14.1 hours at 38 gph (538 gals)

Total time 24.1 hours.

A 20 percent reserve (4.8 hours in this case) was standard for long distance flights, so when Earhart said "gas is running low" at 19 hours and 12 minutes into the flight she was just beginning to burn into her reserve. She almost certainly never said that she had only a half hour of gas left. That quote ap pears only in the log being kept by Radioman 3rd class Thomas O’Hare whose job was to handle the ship’s non-Earhart radio traffic. He also stuck overheard transmissions from Earhart into his log but, not surprisingly, his entries are less complete and often differ slightly from what the primary Earhart log recorded. Earhart was making references to things she wanted Itasca to do "on the half hour" and O’Hare probably just got it mixed up.

Earhart did refuel at Darwin with 365 (presumably Imperial) gallons of 87 octane. We have a copy of the receipt. However, we have no way of knowing how much total fuel was aboard when she left Darwin except to say that is seems safe to assume that it was nothing like the humongous load she carried for the Lae/Howland leg. We have no way of knowing what her fuel consumption was like on the Darwin/Lae leg.

LTM,
Ric

3 hours @ 58gph = 175 gallons
3 hours @ 49gph = 150 gallons
3 hours @ 43gph = 130 gallons
sub total = 455 gallons
Take that from 1100 gallons, leaves balance = 645 gallons
Divided by 38gph = 17 hrs (full throttle, 10,000ft)
Plus our first 9 hours = 26 hours total time.

Something that has bothered me for ages though. There were 654 imperial gallons (785 US gallons) loaded into the tanks at Lae.

Lae was about 7.7 hours from Darwin in the Electra (1012 miles). That means that if Earhart fueled up at Darwin, she was averaging 130knots (150 miles per hour) and using around 100 gallons per hour on that trip!

Did she in fact fuel up in Darwin?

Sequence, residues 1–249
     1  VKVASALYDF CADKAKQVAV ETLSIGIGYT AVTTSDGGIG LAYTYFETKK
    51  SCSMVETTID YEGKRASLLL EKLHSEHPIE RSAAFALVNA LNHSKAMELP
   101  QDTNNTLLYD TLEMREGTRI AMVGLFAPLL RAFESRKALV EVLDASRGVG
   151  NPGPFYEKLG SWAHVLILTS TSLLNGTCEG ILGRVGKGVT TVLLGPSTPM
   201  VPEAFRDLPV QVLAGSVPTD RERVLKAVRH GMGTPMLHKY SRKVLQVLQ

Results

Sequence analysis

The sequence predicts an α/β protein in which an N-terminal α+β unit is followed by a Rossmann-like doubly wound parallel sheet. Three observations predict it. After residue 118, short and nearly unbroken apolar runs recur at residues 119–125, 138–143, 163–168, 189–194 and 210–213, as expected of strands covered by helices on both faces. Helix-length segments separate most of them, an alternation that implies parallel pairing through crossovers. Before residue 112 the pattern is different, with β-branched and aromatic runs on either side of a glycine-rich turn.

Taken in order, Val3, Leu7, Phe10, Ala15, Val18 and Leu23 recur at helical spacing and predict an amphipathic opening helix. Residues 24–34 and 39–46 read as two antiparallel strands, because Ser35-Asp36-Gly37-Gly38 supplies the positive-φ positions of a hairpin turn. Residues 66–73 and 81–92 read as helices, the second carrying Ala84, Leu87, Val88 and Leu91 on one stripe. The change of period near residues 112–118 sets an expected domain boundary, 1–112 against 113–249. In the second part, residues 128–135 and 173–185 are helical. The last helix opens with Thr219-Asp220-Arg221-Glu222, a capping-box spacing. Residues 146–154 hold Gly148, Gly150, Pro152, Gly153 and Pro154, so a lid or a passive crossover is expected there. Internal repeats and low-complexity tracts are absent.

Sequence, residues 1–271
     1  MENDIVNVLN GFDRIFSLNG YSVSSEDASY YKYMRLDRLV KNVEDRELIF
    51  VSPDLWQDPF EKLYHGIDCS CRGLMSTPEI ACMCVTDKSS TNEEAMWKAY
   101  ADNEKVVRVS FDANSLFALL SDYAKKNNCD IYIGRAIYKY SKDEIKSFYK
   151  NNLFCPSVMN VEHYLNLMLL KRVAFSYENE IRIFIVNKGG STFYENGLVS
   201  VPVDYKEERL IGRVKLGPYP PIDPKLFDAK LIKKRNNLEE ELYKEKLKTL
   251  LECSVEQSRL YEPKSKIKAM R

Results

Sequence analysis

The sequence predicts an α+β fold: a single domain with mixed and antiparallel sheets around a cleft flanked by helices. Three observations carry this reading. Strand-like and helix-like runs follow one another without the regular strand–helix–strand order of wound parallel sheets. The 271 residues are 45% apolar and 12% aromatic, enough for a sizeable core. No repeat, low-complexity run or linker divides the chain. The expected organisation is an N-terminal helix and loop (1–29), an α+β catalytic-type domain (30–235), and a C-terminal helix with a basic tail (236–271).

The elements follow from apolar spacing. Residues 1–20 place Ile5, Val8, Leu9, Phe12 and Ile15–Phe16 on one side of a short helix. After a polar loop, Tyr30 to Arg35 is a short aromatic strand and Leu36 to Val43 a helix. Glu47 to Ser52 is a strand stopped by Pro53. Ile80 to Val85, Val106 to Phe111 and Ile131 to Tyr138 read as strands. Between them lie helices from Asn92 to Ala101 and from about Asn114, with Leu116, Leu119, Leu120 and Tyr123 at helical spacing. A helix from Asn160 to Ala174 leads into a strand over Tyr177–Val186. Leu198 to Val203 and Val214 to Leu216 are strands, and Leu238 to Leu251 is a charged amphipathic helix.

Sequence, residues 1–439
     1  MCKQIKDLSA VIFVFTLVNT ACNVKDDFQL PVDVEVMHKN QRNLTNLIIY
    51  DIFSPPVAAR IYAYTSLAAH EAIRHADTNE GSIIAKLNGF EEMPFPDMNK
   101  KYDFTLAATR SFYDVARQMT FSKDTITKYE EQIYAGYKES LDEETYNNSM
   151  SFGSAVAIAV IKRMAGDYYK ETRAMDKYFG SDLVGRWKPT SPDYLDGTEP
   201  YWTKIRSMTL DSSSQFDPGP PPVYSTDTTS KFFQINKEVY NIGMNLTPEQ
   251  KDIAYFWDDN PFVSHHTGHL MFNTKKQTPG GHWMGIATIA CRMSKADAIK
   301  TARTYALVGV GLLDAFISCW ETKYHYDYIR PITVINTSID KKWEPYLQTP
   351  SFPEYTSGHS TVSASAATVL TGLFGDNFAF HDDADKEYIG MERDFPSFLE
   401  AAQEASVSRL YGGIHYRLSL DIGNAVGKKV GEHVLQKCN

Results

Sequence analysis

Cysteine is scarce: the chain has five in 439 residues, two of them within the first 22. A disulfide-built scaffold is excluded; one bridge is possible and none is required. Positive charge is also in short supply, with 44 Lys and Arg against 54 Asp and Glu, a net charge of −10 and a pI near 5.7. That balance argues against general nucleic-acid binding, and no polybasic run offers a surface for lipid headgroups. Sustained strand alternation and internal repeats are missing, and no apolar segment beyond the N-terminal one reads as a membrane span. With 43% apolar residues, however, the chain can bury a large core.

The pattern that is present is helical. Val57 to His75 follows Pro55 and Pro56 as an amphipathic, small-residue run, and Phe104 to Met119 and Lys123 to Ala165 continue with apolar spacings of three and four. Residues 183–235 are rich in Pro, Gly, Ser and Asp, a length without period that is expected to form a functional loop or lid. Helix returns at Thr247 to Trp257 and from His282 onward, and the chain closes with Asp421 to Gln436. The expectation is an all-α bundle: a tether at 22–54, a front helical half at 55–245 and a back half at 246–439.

Th’ WOMBAT


From Ric

I don’t know what forum you were on last year but Kelly Johnson’s numbers applied directly to the 1,100 U.S. gallon load go like this:

Time
Rate
Amount
1 hour 100 gph
100 gals
3 hours 60 gph
180 gals
3 hours 51 gph
153 gals
3 hours 43 gph
129 gals
14.1 hours 38 gph
538 gals
Total time 24.1 hours.
1,100 gals

A 20 percent reserve (4.8 hours in this case) was standard for long distance flights, so when Earhart said "gas is running low" at 19 hours and 12 minutes into the flight she was just beginning to burn into her reserve. She almost certainly never said that she had only a half hour of gas left. That quote appears only in the log being kept by Radioman 3rd class Thomas O’Hare whose job was to handle the ship’s non-Earhart radio traffic. He also stuck overheard transmissions from Earhart into his log but, not surprisingly, his entries are less complete and often differ slightly from what the primary Earhart log recorded. Earhart was making references to things she wanted Itasca to do "on the half hour" and O’Hare probably just got it mixed up.

Earhart did refuel at Darwin with 365 (presumably Imperial) gallons of 87 octane. We have a copy of the receipt. However, we have no way of knowing how much total fuel was aboard when she left Darwin except to say that is seems safe to assume that it was nothing like the humongous load she carried for the Lae/Howland leg. We have no way of knowing what her fuel consumption was like on the Darwin/Lae leg.

LTM,
Ric


Subject: The Key
Date: 9/7/00
From: Mike Everette

I had forgotten the Gurr connection with the telegraph key. It’s been a while since I last read over his letter to Goerner.